> This derogative term is currently widely used slang, or street
> language, to
> describe any personal clumsiness - it is not neccessarily used only for
> people who have cerebral palsy, learning difficulties or any
> other condition
> that makes them different.
> The translation thus mistakes the colloquial 'spazzer' with the specific
> term, and also mistranslates the the specific term 'spastic' with
> 'retarded'
> and perhaps indicates the translator confuses the two terms.
> This would be a difficult book to translate, since many of the points that
> Christopher makes cause readers to think again about the literal
> meanings of
> words and logic. I found it a stimulating read, which reminded me of
> conversations I have had with a young friend who does have
> Aspergers, and to
> that end it does help to reveal some of the frustrations and
> misunderstandings between those with and without Aspergers. However, the
> author has said it was not a book about a boy with Aspergers, more a book
> about a young mathematician who happens to be different, and
> although a few
> have said it reinforces the 'Rainman' stereotype, it has been widely
> commended by many people who have Aspergers in the UK.
> Kathy Saunders
> Consultant for Disability Awareness in Children's Books
> [log in to unmask]
> Happy Ever Afters - a storybook guide to teaching children about
> disability
> Trentham ISBN 1 85856 213 9
> Disability Culture in Children's Literature edition of Disability Studies
> Quarterly is now online at under "current issue" link.
> Disability Studies Quarterly: Winter 2004  (February) Volume 24   No. 1
> ISSN 1041-5718
> >
> > Date:    Mon, 15 Mar 2004 11:36:45 +0000
> > From:    Raffaello Belli <[log in to unmask]>
> > Subject: "The Curious Incident of the Dog in the Night-Time"
> >
> > I am said in UK a best-seller book is:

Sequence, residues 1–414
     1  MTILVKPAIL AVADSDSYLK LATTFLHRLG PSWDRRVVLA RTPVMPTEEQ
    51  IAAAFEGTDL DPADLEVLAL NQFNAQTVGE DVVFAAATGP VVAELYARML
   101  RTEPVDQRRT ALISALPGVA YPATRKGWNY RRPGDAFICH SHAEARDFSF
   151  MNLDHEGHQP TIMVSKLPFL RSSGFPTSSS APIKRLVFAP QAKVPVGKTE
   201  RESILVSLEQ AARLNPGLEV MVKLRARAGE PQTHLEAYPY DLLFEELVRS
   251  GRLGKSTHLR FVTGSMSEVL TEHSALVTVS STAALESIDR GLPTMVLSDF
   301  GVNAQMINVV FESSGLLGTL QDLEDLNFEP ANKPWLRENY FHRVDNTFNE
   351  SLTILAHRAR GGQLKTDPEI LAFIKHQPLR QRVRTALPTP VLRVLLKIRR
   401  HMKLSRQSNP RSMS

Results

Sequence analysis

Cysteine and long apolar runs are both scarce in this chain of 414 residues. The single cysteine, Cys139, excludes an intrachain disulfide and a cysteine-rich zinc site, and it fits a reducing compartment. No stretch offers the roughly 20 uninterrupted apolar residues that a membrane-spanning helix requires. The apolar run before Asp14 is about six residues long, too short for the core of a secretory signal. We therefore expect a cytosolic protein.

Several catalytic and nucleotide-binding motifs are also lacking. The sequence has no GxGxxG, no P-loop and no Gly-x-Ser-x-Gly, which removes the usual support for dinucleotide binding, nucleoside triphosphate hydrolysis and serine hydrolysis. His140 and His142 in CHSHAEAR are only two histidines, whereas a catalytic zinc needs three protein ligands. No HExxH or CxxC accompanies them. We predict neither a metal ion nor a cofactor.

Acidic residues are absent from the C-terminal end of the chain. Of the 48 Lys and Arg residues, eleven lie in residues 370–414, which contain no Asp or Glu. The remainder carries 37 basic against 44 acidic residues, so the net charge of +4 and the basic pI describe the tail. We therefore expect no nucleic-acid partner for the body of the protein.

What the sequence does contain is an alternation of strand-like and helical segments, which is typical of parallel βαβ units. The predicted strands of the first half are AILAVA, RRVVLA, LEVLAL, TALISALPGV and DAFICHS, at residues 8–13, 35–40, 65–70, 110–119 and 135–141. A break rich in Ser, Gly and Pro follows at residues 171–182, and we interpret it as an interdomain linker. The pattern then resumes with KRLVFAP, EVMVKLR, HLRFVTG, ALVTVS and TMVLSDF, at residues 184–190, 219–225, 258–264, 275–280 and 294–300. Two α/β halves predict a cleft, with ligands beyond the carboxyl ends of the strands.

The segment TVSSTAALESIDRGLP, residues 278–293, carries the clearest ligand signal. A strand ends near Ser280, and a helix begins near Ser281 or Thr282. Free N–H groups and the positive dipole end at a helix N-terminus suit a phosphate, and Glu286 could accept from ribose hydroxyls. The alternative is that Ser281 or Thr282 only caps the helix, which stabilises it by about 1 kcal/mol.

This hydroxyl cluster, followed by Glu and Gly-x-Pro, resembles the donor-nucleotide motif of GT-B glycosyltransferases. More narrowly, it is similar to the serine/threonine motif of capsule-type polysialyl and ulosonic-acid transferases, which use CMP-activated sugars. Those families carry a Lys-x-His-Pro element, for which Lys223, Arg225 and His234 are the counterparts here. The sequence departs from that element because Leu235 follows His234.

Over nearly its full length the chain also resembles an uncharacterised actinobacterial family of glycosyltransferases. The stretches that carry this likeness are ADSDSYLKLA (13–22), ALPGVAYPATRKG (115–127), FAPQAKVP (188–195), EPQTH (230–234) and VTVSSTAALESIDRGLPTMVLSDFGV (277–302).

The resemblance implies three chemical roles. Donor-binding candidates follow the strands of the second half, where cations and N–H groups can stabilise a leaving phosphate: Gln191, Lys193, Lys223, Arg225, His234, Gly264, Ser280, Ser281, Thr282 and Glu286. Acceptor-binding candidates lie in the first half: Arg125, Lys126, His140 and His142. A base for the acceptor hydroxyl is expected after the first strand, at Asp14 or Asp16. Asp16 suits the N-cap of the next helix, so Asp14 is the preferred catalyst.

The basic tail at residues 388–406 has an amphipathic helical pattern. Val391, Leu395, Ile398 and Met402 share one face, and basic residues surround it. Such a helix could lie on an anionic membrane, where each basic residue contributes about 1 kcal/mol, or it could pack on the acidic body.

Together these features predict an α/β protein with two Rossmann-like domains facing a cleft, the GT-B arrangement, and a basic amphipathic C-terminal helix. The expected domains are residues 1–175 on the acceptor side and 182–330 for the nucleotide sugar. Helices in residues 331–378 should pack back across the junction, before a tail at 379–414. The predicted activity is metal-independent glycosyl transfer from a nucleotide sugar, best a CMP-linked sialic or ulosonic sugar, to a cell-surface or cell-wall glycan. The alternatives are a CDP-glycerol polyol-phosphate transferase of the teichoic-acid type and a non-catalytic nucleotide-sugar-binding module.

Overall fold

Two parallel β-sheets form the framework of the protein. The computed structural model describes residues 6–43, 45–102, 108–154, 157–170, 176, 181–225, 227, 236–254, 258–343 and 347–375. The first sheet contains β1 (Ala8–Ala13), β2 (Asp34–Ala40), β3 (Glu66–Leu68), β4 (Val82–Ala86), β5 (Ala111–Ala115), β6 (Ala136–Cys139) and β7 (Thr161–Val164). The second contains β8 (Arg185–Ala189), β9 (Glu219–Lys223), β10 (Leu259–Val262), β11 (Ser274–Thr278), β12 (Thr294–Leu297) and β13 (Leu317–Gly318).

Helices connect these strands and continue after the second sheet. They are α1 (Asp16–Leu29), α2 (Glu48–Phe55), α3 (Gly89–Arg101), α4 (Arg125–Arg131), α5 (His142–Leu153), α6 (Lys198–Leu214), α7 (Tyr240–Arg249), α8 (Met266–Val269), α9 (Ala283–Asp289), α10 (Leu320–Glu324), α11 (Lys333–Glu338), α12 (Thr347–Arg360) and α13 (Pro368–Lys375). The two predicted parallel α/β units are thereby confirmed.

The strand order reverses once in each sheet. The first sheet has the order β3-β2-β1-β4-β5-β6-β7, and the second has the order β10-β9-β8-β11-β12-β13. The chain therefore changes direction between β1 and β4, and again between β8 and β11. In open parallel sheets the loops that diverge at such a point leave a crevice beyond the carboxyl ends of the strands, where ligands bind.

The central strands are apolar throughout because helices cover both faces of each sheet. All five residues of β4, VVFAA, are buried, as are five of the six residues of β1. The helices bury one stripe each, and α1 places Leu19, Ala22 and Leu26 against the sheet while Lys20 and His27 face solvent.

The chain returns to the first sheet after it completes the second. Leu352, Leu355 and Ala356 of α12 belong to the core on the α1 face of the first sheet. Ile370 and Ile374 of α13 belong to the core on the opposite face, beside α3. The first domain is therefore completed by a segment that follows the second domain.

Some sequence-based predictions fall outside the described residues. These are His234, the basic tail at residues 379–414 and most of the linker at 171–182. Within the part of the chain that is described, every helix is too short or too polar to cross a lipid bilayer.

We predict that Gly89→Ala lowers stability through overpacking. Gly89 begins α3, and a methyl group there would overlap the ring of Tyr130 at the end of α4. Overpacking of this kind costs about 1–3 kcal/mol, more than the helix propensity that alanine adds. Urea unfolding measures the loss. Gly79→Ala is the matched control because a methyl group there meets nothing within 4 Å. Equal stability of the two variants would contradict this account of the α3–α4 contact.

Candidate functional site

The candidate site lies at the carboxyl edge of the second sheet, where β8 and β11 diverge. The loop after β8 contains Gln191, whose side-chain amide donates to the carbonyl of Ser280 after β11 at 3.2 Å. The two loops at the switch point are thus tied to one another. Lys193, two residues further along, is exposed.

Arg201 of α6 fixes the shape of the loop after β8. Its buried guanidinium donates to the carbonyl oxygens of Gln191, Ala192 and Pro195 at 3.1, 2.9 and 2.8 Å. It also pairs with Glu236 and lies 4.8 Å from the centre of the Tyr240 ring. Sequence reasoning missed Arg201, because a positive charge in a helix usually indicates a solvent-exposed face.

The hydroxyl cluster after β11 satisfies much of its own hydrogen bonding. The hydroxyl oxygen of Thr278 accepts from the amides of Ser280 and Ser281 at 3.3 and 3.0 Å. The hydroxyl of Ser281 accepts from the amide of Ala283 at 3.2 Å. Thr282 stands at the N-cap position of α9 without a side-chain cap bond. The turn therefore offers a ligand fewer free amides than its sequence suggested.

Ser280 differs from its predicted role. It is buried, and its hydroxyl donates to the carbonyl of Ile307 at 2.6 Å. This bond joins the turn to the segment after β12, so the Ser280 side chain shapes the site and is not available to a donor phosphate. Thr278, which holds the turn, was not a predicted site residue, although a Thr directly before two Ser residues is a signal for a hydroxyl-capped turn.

> > "The Curious Incident of the Dog in the Night-Time"
> >
> > Here in Italia, in the Italian translation of the book, it is written:
> > page 35 "Io non sono un ritardato, che vuol dire
> > spastico,  ................. "
> > that is, in English, approximately:
> > "I am not a retarded person, who means spastic, ...."
> > Anybody knows the original phrase in English?
> > And, if this is the concept, I think it is a shame to write
> that "spastic
> > means retarded".
> > Moreover in a 2003 best seller!
> >
> >
> > Raffaello Belli
> >
> > ------------------------------
> >
> > Date:    Mon, 15 Mar 2004 07:54:54 -0500
> > From:    Maria Barile <[log in to unmask]>
> > Subject: Re: "The Curious Incident of the Dog in the Night-Time"
> >
> > Rafallo.
> > I don't see the same meaning in the English and Italian translation.
> > However,  from living in a part of Canada where things get
> translated all
> > the time. I do know, that sometime  the title of  books in one language
> have
> > no direct link to original tittle. A translation Prof., at McGill
> explained
> > to me that its done that way to make the title  make  to the
> audience, in
> > their language. take a look at these 2 phrases :
> >
> > in bocca al lupo" became "break a leg"  both have connotation of good
> luck.
> >
> > I can see however, that prase  in  Italian  is offensive.
> Especially with
> > the  historical connotation of the word "spastico" and as you
> cite it its
> > totally  mis-translation. A big problem when the language of disability
> get
> > mixed or  double mixed with other  preconceived ideas. ps. who is the
> > author?
> >    Maria
> >